The first paper, by Charles B. Moss, Troy G. Schmitz and Andrew Schmitz, is titled "The brave new world: imperfect information, segregation costs, and genetically modified organisms". It deals with genetically modified (GM) foods where consumer resistance has been particularly high, especially in Europe. In a microeconomic framework, the authors argue that consumers' willingness to pay for GM-free products will lead to a market segregation between GM and non-GM foods. Simulations with their model indicate that segregation costs and the magnitude of the supply shift are crucial for the economic impacts of market segregation. Moss, Schmitz and Schmitz elaborate those combinations of market segregation costs and increased supply due to the new technology under which the society’s welfare remains unchanged or improves.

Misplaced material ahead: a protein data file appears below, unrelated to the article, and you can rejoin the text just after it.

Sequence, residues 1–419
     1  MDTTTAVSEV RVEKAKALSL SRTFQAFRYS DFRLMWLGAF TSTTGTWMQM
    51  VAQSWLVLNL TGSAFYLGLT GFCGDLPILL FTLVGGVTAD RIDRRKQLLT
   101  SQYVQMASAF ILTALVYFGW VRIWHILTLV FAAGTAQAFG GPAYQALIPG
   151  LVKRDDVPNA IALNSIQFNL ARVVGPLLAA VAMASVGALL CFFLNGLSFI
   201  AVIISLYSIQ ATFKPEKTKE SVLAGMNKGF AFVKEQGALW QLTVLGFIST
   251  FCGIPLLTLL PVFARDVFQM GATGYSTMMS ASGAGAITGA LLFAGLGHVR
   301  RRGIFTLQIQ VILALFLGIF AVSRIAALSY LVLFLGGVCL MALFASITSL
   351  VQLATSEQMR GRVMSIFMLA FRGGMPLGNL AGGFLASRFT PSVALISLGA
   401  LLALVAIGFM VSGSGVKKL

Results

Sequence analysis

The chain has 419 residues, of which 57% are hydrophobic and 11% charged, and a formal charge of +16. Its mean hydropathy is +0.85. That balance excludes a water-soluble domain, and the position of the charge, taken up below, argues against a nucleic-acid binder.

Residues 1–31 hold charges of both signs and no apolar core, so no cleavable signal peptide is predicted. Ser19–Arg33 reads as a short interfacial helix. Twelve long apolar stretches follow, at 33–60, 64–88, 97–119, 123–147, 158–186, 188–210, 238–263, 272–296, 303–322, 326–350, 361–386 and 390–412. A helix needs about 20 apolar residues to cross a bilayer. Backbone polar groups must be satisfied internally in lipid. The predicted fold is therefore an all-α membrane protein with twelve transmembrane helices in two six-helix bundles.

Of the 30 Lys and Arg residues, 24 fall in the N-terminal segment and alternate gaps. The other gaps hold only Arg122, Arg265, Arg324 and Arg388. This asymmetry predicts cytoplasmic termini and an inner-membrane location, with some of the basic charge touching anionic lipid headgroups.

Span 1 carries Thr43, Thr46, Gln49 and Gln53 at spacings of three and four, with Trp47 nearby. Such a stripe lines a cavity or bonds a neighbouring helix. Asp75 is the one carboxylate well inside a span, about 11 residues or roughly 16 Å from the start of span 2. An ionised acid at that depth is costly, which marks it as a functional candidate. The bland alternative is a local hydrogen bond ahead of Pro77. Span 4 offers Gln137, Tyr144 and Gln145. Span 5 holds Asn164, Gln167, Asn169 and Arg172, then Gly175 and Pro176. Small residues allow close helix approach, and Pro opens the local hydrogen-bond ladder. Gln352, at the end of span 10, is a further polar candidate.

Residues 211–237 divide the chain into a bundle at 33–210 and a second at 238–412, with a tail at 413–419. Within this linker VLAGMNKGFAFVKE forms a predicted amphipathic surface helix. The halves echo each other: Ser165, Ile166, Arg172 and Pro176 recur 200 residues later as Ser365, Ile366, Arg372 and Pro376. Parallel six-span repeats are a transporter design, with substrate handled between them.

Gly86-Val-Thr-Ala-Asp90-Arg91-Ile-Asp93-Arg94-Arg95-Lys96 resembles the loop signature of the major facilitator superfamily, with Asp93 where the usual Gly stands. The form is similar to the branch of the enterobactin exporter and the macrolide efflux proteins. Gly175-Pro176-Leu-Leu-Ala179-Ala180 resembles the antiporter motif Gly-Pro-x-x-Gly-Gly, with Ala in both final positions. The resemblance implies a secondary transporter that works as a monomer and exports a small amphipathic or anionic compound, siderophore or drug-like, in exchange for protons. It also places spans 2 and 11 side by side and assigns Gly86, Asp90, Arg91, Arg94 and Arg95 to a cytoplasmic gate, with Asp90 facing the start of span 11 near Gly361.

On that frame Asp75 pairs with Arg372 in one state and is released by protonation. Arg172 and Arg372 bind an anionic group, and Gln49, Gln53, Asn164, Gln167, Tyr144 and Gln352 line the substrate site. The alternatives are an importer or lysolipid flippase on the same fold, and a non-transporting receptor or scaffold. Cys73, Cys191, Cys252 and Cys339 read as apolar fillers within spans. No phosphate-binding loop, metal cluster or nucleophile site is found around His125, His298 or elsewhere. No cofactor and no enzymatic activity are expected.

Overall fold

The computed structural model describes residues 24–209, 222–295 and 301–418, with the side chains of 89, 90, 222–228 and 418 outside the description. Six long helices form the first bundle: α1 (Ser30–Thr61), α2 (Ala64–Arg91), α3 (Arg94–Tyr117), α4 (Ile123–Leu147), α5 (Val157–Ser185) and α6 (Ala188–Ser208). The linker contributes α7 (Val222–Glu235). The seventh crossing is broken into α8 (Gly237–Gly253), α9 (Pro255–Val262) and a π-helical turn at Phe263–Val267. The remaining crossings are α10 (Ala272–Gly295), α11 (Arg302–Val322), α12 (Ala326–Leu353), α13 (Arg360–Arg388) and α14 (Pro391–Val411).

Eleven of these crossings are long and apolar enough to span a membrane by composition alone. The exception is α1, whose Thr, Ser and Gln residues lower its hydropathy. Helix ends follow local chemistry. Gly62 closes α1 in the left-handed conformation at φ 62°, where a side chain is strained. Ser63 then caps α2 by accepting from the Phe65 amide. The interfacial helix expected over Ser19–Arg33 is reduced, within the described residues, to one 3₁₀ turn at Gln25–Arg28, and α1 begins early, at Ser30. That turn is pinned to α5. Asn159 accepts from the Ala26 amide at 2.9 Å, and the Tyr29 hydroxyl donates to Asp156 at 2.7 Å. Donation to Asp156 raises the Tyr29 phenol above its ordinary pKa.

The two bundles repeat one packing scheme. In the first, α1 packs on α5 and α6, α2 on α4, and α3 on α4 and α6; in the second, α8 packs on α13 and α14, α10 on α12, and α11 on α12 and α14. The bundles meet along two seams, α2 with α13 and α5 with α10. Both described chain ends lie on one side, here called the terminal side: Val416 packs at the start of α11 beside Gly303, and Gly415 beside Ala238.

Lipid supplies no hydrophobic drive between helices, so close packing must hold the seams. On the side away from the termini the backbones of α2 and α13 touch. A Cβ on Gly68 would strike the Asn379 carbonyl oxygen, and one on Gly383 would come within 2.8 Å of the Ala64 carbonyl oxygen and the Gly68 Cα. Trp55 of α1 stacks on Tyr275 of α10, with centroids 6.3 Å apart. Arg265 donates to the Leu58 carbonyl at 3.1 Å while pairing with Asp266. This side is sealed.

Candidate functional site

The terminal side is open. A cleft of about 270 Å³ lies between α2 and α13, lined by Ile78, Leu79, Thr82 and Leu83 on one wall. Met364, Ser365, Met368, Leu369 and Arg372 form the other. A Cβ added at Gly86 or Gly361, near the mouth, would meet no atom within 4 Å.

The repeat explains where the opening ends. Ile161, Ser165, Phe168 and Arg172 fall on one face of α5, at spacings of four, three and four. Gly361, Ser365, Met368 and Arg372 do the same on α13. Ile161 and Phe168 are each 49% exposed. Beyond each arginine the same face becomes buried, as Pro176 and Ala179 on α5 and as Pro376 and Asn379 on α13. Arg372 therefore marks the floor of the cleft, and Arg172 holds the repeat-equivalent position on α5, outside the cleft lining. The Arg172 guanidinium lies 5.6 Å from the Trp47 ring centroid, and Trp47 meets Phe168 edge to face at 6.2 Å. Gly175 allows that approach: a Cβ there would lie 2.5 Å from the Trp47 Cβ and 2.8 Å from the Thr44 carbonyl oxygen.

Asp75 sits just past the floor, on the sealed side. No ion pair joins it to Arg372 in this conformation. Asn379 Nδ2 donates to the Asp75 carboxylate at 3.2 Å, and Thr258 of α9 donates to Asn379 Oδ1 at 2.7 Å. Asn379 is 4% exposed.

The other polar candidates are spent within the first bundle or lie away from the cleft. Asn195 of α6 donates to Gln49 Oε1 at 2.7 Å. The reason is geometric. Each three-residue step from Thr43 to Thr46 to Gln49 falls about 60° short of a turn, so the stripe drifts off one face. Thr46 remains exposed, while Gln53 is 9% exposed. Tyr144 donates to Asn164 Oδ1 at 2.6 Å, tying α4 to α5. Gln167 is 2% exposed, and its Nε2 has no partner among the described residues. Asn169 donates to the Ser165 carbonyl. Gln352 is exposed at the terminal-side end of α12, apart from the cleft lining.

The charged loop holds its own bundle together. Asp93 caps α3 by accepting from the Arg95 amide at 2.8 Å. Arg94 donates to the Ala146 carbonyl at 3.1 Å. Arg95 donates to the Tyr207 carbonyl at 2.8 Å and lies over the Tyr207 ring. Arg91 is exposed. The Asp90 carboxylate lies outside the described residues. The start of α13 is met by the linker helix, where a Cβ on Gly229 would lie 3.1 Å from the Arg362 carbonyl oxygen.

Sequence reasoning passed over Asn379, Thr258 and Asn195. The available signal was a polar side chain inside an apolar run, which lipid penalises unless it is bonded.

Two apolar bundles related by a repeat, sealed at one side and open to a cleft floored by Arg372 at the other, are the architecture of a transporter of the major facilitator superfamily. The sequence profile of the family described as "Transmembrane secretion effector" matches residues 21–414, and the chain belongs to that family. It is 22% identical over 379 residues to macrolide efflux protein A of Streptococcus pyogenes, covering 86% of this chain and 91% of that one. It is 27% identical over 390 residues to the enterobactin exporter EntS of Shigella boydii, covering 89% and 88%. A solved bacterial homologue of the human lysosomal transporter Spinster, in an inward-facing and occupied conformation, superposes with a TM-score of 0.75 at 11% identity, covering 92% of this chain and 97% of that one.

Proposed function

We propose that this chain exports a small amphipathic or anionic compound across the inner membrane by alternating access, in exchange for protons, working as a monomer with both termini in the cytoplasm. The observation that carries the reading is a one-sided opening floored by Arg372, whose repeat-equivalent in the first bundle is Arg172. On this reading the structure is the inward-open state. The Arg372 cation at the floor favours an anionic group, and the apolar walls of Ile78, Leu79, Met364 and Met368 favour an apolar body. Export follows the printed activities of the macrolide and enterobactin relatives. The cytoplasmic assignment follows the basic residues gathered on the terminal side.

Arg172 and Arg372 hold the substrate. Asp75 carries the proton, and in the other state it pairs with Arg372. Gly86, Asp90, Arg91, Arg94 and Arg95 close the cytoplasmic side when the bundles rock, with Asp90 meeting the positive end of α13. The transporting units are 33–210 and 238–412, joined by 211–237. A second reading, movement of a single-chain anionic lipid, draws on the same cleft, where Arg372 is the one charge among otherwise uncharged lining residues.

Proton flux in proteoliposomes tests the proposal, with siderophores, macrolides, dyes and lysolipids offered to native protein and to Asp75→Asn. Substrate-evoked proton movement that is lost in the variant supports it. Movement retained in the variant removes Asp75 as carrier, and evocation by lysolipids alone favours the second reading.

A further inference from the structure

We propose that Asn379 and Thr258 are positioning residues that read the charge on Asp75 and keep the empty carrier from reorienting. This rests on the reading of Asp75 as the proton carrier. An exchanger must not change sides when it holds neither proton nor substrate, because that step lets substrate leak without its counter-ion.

Adequate responses to food safety concerns among consumers are increasingly important for political and business strategies targeted at consumer information. The next two contributions investigate survey and experimental data which can provide valuable insights for designing such strategies. First, Jochen Hartl and John Fox address the issue of consumer acceptance of new technologies in "Estimating the demand for risk reduction from foodborne pathogens through food irradiation". Applying a double-bounded dichotomous choice model to data from a mail survey in eight US states, they investigate consumers’ willingness to pay (WTP) for reduced risk from foodborne pathogens. They find that the median WTP exceeds the additional cost of irradiation, but that the "embedding effect" is also present so that WTP only partially reflects the extent of risk reduction. In their analysis they also test for isolated and combined impacts of further individual characteristics and design factors, providing insight in various topical and methodological issues related to the demand for risk reduction in foods. So, despite the fairly restricted use of food irradiation in the EU, the European audience receives information that will be relevant for further developments and research.